'Flash Mobs'

The facile assembly of large mobs of miscreants to raid retailers in San Francisco, Oakland, and Los Angeles is even more alarming than it seems.

The events are novel and even a bit entertaining, posing only a minor challenge to law enforcement if police are permitted to intercede.

More important than the incidents per se, however, is what they may reveal about the participants.

Lootings have been widely reported, mainly on the West Coast.  At Union Square in the heart of San Francisco:

“At least 40 thieves allegedly broke into a Louis Vuitton store on Friday [November 26], grabbing whatever they could before loading it into a series of cars parked curbside out front. The shoplifting caravan cut a swath through San Francisco’s high-end boutiques, creating a scene of chaos while stealing more than $1 million in merchandise.”

The New York Post described the another event, in Oakland, California:

“Hey, look — here are 80 people engaged in a large-scale smash-and-grab robbery of a Nordstrom in Walnut Creek outside San Francisco last weekend, one of a series of jaw-dropping thefts over the last several days, including an operation that cleared out a Louis Vuitton on San Francisco’s Union Square.”

Another Oakland location had  two similar lootings:

 “Prime 365 says more than 30 burglars ran through their store.

“In [a] video, you can see a long line of people rushing in, and in one instance, even pushing each other out of the way to grab hats off a shelf.”

Although the signature of these attacks is the large number of offenders, several robberies have involved, in each instance, only a handful of perpetrators (perps). Press accounts do not distinguish assaults with dozens of offenders from those with only a few, using the same terms – “flash mobs” and “smash and grab,” for both. Whether they represent the same phenomenon, however, is uncertain. Police believe that the robberies are organized and planned by higher-level criminals, a reasonable supposition for the more compact groups. Contrary-wise, it is unlikely that an executive criminal would bring together 80 assailants for a single heist. Because there may be critical differences in how the large and small perp groups originate and function, the terminology of “flash mobs” is better applied to the larger groups, which really are mobs, while “smash and grab” aptly describes the smaller groups. The focus here is on the flash mobs involving dozens of assailants.

Criminal flash mobs do not assemble spontaneously in an appointed location in response to a social media announcement. The perps arrive as a group after some preparation: cars have multiple passengers, license plates have been covered or removed, and full-face coverings for the perps far exceed the exigencies of COVID.  Once the perps leave their cars and enter the target stores, however, planning is no longer evident.  Bedlam ensues, the video records portraying controlled chaos in what might be described as an amalgam of the no-limit-shopping challenge and a Black Friday at Walmart.  The trespass is brief.  Perps collect their prizes, load them into cars, and disappear in multiple directions.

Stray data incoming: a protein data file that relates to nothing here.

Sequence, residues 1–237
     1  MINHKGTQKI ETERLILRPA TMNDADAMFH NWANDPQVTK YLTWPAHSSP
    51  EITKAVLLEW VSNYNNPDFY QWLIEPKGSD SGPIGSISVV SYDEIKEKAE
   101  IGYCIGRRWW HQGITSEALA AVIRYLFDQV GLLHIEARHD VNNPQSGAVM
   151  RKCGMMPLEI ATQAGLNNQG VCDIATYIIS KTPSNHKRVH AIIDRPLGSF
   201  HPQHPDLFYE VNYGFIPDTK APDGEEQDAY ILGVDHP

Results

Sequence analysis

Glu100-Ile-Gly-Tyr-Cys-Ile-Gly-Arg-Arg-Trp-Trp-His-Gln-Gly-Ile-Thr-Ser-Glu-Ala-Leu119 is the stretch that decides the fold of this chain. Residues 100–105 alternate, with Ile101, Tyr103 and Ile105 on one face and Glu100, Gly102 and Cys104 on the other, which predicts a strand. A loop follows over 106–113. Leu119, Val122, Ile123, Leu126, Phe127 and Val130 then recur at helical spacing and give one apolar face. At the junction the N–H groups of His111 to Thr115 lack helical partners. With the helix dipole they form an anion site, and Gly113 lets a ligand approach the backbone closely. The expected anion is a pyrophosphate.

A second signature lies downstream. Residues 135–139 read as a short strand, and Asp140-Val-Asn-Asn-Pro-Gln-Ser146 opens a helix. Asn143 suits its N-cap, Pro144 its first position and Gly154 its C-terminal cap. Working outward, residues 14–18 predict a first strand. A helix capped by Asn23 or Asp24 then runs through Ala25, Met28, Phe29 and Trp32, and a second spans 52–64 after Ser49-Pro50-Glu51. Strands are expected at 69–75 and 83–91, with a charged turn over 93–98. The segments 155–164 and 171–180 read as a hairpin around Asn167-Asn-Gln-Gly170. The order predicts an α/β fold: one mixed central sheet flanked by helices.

The modus operandi is derived from lootings during the riots of 2020 and 2021 when storefronts were smashed, buildings were invaded, merchandise was liquidated, and, sometimes, what remained was incinerated. The irresistible force that overwhelmed store owners was the mob, while police, having been sidelined by the civilians in charge, were just spectators.

In landmark research from the 1960s, Albert Bandura established that children who observe adult models being rewarded for engaging in aggressive behavior will later imitate the aggressive behavior.  On the other hand, if they observe an adult being punished or reprimanded for aggressive behavior, children are far less likely to imitate it.  The riots and aftermath provided the background for a real-world demonstration of precisely these principles. Young people watched -- in person or on television -- as older “models” looted stores and purloined expensive merchandise, unfettered by police pursuit.  Aggressive behavior was rewarded without adverse consequences.  A year or two later, teen and young adult proteges who had seen everything on television, if not in person, emulated the rioters’ behavior when the opportunity arose. Fewer arrests and prosecutions, easy bail, reduced sentences, and early releases from prison all contributed to a climate of “anything goes.”